I had a blast this past weekend at In the Zone 4. I always come away from these events inspired and ready to work even harder as a dancer. Winnipeg (and the rest of Canada) has so much to offer the hip hop dance world, and it is so gratifying to be a part of its greatness.
I didn’t just dance at this event though – I shot video! Here’s a video of one of the winning crews:
I kind of wish I had a two-camera setup going, so that I could cut from a wide to a close-up like I did for the Winnipeg’s Got Talent videos. But those videos take quite a while to edit (time that I didn’t have). One day, it’ll be feasible.
Special thanks to Rylaan Gimby, who took control of the camera while I was running about backstage and performing. You make my life so much easier!
I was watching this Youtube video of the Jabbawockeez performance at World of Dance 2010. The number of cameras in the audience blew my mind! I know that in Winnipeg, a few people record performances, but generally there is an understanding that someone is officially the videographer for the event and that they, from their prime vantage point, will record videos to share with the world. Lately, I have been that videographer.
Why, then, don’t the people in this Jabbawockeez video look around and see that there are going to be dozens of versions of the same performance? And that the best video might be ruined by all of the camcorders in air that block people’s view?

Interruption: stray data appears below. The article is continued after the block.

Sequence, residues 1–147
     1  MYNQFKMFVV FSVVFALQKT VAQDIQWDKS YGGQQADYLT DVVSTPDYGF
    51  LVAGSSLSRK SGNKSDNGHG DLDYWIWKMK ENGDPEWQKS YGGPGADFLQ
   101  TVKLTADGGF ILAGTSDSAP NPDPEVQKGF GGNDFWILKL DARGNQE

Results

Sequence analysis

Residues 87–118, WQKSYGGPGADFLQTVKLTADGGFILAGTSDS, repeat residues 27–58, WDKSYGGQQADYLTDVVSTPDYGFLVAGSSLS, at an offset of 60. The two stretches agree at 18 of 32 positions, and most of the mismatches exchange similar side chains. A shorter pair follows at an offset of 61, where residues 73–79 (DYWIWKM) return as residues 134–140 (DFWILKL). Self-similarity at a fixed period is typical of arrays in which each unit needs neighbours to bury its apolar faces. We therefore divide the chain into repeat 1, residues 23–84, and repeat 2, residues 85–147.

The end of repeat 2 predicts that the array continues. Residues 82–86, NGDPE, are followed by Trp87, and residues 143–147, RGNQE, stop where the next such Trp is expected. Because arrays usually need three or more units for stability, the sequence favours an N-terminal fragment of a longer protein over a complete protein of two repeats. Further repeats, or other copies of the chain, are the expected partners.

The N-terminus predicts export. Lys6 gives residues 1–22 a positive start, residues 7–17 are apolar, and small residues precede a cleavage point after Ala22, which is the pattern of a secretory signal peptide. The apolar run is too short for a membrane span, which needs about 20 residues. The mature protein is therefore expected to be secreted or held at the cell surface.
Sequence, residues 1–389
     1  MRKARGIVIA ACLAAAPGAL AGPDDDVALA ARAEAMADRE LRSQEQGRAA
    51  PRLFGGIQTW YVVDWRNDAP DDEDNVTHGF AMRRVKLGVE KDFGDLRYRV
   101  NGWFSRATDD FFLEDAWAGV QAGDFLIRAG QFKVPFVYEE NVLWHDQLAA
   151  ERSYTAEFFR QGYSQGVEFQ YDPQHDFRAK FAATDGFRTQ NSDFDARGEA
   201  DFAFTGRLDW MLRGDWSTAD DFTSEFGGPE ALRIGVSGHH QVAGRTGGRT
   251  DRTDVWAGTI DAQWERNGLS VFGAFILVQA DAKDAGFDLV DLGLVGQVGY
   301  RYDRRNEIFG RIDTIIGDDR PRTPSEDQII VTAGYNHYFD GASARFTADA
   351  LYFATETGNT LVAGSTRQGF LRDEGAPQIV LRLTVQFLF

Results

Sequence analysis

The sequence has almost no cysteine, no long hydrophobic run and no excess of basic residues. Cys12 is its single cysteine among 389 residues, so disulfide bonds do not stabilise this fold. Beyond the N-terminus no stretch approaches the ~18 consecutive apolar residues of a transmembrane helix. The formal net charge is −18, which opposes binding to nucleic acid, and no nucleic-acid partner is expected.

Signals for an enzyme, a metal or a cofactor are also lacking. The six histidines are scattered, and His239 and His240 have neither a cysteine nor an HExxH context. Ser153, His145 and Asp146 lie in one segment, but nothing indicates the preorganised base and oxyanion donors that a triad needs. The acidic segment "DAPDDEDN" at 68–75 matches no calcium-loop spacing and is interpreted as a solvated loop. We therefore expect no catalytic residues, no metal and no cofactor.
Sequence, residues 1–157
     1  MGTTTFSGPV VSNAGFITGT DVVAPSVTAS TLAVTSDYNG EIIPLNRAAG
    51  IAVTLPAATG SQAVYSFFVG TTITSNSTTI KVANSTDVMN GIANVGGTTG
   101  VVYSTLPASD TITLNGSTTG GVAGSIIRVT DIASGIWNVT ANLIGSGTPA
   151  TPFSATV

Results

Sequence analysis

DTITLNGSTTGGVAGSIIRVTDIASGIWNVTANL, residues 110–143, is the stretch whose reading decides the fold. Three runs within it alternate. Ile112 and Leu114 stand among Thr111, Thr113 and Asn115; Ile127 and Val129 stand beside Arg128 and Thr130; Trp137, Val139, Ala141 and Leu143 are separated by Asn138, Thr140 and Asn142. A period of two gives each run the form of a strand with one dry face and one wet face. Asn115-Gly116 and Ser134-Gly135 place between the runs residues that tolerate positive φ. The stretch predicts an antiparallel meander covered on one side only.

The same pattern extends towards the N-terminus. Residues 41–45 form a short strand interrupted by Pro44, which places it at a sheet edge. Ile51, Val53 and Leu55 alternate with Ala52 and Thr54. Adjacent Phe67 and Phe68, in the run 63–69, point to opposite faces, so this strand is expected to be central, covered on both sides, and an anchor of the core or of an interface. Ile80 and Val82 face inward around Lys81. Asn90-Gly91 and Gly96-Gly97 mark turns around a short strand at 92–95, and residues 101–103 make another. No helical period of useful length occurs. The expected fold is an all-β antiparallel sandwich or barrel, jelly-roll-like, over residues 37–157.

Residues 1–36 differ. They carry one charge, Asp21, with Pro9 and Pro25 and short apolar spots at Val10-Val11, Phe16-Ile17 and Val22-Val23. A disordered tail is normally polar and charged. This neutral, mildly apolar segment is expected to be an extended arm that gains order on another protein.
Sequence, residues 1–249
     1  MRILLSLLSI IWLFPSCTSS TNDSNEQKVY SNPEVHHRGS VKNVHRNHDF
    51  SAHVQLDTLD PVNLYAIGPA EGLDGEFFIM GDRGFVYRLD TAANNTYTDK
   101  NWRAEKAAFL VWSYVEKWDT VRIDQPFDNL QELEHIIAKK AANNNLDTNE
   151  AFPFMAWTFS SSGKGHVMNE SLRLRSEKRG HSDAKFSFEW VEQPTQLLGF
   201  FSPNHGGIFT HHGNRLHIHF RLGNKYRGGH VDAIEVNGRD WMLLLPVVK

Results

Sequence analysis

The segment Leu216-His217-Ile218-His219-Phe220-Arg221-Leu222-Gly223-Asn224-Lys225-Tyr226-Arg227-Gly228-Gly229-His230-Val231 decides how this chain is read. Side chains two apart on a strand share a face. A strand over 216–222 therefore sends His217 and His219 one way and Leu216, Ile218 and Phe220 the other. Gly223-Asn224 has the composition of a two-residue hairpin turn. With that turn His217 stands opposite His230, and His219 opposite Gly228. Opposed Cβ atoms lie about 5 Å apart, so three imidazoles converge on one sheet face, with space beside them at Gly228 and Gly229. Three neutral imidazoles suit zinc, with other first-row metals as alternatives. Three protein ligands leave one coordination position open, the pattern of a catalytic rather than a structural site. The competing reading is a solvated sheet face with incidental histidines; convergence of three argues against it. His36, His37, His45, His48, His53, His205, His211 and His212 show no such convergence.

These thoughts occur to me as I prepare for In the Zone 4 Hip Hop Dance Competition. Will many other people be bringing cameras this year? Sometimes it seems like there is a race to get the footage and put it online. It’s ridiculous. However, as a performer, I know how frustrating it is to wait and see footage from a show. Everyone is eager to see themselves so that they can gauge how well they did.
When I mentioned these concerns to Rowin Bernardo, director of Paradox Dance Crew and Mumbler Productions, he talked about video in terms of support. Crews feel supported when footage of them is put up online. A crew like the Jabbawockeez has massive support, so naturally there are thousands of videos of them.
But I also think that NOT recording is a sign of respect for the art of live dance. There is nothing quite like watching a dancer move in inhuman ways in front of you. You miss a lot by watching your tiny LCD display. Enjoy the performance in all it’s glory, people!
The last Winnipeg’s Got Talent highlights video is on its way, but I keep finding ways to improve it. Damn perfectionism.
After that, each performance will be uploaded. I had a two-camera operation going, but the footage doesn’t match perfectly. We’ll see what happens.
And after that… I dunno. There are a few projects on the backburner – choreo reels and audition videos. Time to tackle them!
I uploaded the final F/X video the other day, and it made me kind of sad. This series may have been a pain to create, but the resultant videos are quite impressive and original. I hope that UN1TE and I can continue to create videos that open up new windows into the Winnipeg hip hop dance community.
What will we do next to innovate? I don’t know. I can’t wait to discover it!